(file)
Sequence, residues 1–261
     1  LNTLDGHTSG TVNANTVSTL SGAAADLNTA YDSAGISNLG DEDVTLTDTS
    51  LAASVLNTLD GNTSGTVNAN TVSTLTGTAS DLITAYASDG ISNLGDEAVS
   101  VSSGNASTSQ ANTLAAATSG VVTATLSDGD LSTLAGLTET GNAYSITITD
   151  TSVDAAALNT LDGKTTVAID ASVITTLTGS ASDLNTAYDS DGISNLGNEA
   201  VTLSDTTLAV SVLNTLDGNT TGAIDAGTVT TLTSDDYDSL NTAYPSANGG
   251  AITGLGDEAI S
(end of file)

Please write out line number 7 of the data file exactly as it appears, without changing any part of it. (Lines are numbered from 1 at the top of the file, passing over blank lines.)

   251  AITGLGDEAI S